screen-shot-2016-10-03-at-22-42-44Whilst researching on the history of typography, it was important to know that even many centuries ago the letterform was created as a recognisable symbol (signifier) for language’s users. What is more, it is been suggested that the type styles identify the category of message and the groups to which its recipients and senders belong (Haley et al 2012). In other words, the letters inform the readers potentially more than the content itself. To be more precise, letterforms provide a full information about the person who sends the message, identifying its group, class and position.

Then, I have found a quote that from my perspective has a bit of controversial meaning.  

  • Rosenblatt (1994) stressed both the particularity of the evocation and the diversity of response because each reader brings a unique “cultural, social, and personal history of literary and life experiences to each unique reading event” (Pantalio, 2014, p.149).

Basically, I agree with the point that, depending on the background, each person has a set of symbolic associations, regarding the subject, and typography is not an exclusion from the rule. However,  thinking of the argument that presents formatting as a signifier of a specific information I feel that symbolic value of some types have become a kind of ‘common sense’ notions that will be understood by majority in the same way.

Like if to consider the psychological effects of each type it can be quite visible.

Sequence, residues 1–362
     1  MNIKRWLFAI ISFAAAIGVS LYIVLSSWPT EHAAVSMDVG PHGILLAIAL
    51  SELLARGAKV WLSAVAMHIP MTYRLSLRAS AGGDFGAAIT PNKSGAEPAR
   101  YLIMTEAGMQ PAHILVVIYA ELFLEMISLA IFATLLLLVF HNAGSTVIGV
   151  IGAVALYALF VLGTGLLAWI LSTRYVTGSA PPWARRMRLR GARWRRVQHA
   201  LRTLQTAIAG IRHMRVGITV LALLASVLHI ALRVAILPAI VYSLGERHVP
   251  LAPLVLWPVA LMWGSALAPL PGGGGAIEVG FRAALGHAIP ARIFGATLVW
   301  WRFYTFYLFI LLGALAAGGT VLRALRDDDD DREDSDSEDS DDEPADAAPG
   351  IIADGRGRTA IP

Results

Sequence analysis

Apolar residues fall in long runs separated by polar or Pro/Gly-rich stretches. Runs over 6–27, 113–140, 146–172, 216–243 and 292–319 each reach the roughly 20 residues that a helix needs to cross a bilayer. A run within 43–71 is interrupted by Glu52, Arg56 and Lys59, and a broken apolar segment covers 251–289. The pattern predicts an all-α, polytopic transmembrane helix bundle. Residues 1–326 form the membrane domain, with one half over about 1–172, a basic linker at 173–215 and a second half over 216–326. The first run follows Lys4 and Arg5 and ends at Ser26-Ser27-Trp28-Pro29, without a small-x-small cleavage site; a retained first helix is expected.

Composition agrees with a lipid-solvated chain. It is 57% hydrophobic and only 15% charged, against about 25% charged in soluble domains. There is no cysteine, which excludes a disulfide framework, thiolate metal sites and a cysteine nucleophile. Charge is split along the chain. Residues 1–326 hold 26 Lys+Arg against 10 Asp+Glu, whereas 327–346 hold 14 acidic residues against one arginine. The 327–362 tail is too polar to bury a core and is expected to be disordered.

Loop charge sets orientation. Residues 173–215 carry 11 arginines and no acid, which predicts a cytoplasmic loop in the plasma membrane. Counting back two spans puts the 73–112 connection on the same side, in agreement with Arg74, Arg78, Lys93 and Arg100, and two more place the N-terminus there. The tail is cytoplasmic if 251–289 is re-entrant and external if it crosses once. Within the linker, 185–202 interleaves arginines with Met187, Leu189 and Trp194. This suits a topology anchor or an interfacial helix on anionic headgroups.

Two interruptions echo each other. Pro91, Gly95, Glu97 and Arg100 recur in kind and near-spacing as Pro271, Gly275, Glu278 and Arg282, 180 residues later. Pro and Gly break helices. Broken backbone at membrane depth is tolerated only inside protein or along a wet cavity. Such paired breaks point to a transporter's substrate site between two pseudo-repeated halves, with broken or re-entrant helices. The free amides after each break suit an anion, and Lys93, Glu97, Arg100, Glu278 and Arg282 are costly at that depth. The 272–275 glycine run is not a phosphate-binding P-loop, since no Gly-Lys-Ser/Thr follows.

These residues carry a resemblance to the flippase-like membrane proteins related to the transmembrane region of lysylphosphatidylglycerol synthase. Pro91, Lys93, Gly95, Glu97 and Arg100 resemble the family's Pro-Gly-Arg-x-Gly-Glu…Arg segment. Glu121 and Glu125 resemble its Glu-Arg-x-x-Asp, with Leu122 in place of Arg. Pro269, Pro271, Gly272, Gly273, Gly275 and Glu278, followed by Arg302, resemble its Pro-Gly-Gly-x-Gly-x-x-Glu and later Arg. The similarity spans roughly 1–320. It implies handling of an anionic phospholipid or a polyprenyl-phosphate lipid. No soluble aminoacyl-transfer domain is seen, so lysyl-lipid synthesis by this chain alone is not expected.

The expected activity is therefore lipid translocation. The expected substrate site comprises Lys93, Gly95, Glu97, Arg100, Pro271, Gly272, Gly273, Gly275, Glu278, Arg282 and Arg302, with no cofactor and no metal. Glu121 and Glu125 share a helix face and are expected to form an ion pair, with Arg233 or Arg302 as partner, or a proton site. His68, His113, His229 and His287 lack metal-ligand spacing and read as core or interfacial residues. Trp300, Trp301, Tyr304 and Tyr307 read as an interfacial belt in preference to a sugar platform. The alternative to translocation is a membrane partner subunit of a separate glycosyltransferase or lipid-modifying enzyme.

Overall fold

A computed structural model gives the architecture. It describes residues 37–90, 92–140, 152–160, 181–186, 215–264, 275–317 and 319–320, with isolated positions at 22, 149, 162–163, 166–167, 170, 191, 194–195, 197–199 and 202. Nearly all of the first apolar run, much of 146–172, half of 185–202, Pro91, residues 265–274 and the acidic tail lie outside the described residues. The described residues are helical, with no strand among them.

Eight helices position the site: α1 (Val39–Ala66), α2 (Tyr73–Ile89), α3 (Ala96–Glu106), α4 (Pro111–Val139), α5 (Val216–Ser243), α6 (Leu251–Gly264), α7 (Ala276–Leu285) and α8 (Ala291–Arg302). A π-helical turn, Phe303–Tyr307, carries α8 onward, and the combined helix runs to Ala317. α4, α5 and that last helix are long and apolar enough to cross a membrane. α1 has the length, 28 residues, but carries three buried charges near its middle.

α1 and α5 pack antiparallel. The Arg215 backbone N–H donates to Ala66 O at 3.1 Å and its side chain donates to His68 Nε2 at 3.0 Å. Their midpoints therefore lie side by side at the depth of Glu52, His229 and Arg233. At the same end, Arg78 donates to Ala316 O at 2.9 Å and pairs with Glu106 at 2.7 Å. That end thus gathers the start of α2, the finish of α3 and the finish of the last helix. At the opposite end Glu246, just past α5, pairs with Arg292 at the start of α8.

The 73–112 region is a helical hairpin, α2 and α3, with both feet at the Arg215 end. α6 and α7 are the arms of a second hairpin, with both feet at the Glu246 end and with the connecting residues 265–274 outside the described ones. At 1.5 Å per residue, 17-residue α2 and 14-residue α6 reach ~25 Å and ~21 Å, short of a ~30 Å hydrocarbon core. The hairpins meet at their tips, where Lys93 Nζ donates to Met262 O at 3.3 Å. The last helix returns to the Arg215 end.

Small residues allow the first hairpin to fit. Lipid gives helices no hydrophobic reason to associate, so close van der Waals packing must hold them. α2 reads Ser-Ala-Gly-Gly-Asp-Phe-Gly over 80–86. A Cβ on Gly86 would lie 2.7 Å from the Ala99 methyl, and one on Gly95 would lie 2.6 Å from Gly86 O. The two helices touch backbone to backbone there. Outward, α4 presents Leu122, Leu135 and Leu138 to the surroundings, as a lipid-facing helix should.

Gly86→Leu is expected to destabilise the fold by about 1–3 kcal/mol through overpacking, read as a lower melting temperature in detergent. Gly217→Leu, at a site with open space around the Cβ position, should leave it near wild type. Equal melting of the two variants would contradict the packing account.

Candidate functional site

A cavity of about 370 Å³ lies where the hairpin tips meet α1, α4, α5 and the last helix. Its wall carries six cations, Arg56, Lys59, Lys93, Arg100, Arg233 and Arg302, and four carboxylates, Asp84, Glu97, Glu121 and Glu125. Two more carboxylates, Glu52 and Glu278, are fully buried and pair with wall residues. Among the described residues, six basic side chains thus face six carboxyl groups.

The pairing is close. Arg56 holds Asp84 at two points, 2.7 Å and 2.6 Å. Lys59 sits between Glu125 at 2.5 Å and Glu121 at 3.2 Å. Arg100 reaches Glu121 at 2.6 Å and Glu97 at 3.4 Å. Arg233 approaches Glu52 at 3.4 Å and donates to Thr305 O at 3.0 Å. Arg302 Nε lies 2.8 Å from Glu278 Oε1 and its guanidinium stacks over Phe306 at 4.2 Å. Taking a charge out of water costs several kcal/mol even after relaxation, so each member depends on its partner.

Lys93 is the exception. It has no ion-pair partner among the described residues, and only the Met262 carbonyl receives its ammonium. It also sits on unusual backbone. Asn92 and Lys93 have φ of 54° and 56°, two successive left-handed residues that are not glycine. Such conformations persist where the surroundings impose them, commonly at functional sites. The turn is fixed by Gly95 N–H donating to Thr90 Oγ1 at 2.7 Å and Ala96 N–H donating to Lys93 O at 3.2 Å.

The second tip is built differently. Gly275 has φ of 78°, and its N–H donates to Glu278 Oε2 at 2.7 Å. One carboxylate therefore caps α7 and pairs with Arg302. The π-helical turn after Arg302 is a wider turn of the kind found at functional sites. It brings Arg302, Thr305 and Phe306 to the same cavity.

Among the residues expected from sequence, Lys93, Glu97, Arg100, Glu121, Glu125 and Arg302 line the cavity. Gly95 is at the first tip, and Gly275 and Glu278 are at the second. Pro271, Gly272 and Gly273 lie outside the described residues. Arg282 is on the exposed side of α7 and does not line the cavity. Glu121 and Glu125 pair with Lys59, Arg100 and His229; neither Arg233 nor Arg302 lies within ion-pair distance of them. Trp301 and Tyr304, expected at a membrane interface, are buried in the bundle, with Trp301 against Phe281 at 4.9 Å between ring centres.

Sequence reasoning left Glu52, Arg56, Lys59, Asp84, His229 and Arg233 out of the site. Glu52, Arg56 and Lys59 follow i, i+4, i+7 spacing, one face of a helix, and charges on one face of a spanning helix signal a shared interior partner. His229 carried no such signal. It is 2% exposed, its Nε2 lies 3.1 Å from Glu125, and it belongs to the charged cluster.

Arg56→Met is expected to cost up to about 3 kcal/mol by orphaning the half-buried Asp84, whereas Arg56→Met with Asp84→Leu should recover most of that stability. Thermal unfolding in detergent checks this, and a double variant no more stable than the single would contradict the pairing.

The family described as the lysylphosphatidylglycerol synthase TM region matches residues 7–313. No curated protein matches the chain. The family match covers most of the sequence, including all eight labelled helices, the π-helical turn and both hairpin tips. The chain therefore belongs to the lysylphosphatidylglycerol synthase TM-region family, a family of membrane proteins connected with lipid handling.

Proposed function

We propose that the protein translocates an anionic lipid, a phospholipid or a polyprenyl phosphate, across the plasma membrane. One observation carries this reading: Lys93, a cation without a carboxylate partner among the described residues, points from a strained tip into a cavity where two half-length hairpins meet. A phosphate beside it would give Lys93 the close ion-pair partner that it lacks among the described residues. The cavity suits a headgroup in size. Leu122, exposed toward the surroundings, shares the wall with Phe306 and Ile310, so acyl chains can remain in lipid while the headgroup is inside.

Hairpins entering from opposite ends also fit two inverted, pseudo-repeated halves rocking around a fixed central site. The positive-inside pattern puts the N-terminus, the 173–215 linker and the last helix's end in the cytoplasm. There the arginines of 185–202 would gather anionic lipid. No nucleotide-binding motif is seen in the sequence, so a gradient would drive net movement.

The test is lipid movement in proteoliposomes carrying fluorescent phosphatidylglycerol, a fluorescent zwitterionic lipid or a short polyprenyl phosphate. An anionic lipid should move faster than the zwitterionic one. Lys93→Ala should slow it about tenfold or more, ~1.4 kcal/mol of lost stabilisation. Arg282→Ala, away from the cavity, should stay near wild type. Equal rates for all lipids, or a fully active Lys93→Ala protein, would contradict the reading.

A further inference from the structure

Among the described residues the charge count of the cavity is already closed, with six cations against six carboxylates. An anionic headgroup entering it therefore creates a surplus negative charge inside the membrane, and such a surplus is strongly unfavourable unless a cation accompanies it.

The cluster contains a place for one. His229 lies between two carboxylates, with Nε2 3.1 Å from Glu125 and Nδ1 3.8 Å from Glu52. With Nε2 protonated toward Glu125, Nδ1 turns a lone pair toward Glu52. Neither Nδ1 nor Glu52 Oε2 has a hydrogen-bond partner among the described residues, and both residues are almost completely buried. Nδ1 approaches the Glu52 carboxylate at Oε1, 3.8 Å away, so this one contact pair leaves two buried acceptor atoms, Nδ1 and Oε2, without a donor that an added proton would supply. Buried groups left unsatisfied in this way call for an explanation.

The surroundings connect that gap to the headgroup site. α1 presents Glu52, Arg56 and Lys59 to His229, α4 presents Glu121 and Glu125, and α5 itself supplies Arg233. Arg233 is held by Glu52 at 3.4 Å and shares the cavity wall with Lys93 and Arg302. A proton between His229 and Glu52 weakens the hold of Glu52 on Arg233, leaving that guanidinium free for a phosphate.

From the image above it is visible that each type (serif, sans serif, display, modern, script) has its own identity. What is more, it feels that due to Internet that provides a fast access to tonnes of diverse  information people are aware of these types’ characteristics and use it, depending on the communications intentions and purposes. However, the fact that this knowledge is quite basic cannot be rejected. Therefore, even if people are  aware of the styles, existed in typography, and its meaningfulness, they cannot really define the difference between the fonts of the same category unless they have an expertise in it (Haley et al 2012).


Haley, A. (2012). Typography, Referenced: A Comprehensive Visual Guide to the Language, History, and Practice of Typography. 1st ed. Rockport Publishers.

Pantaleo, S. (2014). Elementary Students Consider the “What” and “How” of Typography in Picturebooks. New Review of Children’s Literature and Librarianship, [online] 20(2), pp.144-166. Available at: [Accessed 28 Sep. 2016].



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